By Safie M. Gonzalez

Part of the line to buy chicken parts.

HAVANA TIMES – A really typical phrase we Cubans normally say when faced with certain situations is: “this is why we’re in the boat we’re in”, which is something more or less like: we’re stuck, we can’t make progress.

It’s become a very popular phrase. When we’re faced with a really normal task like trying to get a document processed or go grocery shopping – online or physically – there is always an obstacle that makes these things difficult.

Lines outside stores are a constant subject of discussion in the past few months, because of the pandemic. Every Cuban has a Masters in standing in km-long lines, under the scorching sun, waiting for hours to buy something.

Yet, we are still a long way away from having better-organized management that pleases the people. I haven’t been standing in lines recently because of health problems, but just a few days ago, my neighbor called me really early in the morning on my cellphone and told me that chicken had come into the store near my house. So, I didn’t think twice and left to stand in line.

I arrived just before 8 AM, and there were already around 100 people waiting. My ID card was scanned (which is what they do nowadays at stores in times of COVID-19). The store was supposed to open at 9 AM, but the clock kept ticking and its doors remained shut. I heard people complaining and I walked over to the security guard to ask why it is was taking so long. He responded: “the warehouse person still hasn’t come.” People soon began to protest, as you would expect.

This gets really old.

People had been standing in line since very early in the morning. It rained at times, and there was nowhere to take shelter. We were like stray dogs waiting for a bone.

The restlessness of already 300 uneasy people was too much. Everyone said the same thing: “this is why we’re in the boat we’re in”. How can it be that only one person has the key to store? How can this person not come to work on time to sell the merchandise that people are desperate for?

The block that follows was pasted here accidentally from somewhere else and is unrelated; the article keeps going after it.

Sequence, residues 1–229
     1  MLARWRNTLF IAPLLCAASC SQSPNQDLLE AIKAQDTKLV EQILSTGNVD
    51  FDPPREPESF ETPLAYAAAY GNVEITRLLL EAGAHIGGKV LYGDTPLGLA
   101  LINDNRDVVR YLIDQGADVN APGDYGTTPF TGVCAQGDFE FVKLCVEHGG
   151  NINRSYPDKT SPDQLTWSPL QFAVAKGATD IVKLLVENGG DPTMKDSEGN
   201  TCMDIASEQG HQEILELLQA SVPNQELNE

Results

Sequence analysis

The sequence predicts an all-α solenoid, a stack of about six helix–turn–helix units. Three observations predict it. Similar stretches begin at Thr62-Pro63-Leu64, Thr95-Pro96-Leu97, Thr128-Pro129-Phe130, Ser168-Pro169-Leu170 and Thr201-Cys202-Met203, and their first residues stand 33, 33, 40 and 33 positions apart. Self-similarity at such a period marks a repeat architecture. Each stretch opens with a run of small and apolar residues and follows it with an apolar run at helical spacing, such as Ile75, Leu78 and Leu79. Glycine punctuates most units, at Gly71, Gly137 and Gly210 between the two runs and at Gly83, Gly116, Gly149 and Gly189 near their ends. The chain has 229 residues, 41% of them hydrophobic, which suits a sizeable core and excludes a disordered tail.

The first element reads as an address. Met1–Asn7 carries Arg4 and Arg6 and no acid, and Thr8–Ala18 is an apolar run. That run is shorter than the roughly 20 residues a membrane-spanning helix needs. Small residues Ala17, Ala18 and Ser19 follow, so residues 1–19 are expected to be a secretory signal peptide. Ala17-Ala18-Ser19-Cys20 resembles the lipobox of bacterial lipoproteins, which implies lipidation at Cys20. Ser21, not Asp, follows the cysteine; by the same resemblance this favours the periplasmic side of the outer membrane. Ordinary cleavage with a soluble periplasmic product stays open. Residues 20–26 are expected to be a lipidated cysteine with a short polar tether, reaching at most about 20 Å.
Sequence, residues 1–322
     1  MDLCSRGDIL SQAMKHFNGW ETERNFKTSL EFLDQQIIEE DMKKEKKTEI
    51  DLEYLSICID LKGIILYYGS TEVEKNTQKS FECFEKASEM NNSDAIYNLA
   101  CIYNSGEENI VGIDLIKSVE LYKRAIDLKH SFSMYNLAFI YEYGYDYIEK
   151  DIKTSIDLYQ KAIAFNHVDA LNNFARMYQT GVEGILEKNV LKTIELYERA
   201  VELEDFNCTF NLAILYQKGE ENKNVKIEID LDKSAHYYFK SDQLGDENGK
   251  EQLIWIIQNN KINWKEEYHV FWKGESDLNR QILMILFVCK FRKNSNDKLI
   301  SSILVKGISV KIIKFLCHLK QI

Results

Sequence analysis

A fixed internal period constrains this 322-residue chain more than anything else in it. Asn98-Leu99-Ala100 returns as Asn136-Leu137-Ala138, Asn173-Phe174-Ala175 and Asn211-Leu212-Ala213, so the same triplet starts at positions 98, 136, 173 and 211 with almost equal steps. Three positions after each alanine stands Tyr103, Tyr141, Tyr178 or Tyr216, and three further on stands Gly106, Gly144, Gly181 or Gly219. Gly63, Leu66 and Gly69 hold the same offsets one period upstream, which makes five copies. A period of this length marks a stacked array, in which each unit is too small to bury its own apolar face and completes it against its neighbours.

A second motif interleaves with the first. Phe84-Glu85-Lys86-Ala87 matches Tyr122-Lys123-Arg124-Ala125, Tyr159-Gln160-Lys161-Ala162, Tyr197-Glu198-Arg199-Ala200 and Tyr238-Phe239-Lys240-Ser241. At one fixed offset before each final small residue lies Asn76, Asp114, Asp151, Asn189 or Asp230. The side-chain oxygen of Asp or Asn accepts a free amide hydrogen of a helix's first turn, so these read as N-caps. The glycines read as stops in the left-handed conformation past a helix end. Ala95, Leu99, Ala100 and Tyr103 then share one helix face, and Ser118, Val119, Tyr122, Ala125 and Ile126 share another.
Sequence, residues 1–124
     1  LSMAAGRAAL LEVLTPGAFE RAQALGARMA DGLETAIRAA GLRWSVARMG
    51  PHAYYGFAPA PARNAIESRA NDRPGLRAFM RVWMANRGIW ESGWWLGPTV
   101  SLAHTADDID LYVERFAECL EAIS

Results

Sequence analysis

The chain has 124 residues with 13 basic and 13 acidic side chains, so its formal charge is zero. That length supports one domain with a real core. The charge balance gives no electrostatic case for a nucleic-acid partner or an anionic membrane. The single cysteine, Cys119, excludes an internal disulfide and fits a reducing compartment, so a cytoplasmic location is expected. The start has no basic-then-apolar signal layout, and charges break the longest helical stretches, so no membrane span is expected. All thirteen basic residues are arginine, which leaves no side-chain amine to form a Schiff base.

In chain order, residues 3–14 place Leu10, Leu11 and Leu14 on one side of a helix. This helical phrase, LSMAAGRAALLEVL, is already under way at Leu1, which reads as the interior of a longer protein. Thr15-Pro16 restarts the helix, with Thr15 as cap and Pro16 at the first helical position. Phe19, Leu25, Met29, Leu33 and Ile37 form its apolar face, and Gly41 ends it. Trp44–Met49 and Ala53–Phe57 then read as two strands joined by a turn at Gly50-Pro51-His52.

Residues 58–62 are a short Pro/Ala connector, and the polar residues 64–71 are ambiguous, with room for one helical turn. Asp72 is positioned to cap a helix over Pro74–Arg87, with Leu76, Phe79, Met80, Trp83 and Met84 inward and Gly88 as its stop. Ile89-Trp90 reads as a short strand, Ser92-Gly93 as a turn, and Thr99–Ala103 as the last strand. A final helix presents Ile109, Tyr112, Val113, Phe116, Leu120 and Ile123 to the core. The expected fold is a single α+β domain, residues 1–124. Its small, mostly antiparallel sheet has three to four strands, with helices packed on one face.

When the guy arrived, they began to weigh the chicken so they could then sell it. The store opened at nearly 11 AM, and I was finally able to buy a 5 lb. packet of chicken legs at almost 1 PM.

Situations like this are commonplace in our country. Values have been lost. Discipline and a sense of duty have been destroyed. There will never be any progress if we act in this way. This is why we are and will continue to be stuck where we are right now.

Read more from the diary of Safie M. Gonzalez.


Safie M. Gonzalez

I was born in the 80's. I love nature and animals, as well as my country. I admire the sacrifice of a people. I consider myself a simple and honest person, therefore I detest injustices. I have a taste for the arts in general, but especially for literature, photography, and cinema. I believe in the power of the word and in the ability of the human being to change the world.

2 thoughts on “Cubans Stuck in the Same Place

  • Not a boat, more like a sinking raft! So sad! You are correct the chicken experience has nothing to do with the USA embargo. It is more ‘power and control’ over the Cuban people with socialism!!! I realize you have accepted this is the way it is. And this is why we hope our current President remains in office vs experiencing socialism if he doesn’t!!!

  • This is article, while sad, is commonplace. The situation is worse outside of Havana. The US embargo has nothing to do with the warehouse keyholder sleeping in until 11am. This is what Cubans call the “internal” blockade which, in many ways, is far worse than what the US has imposed.

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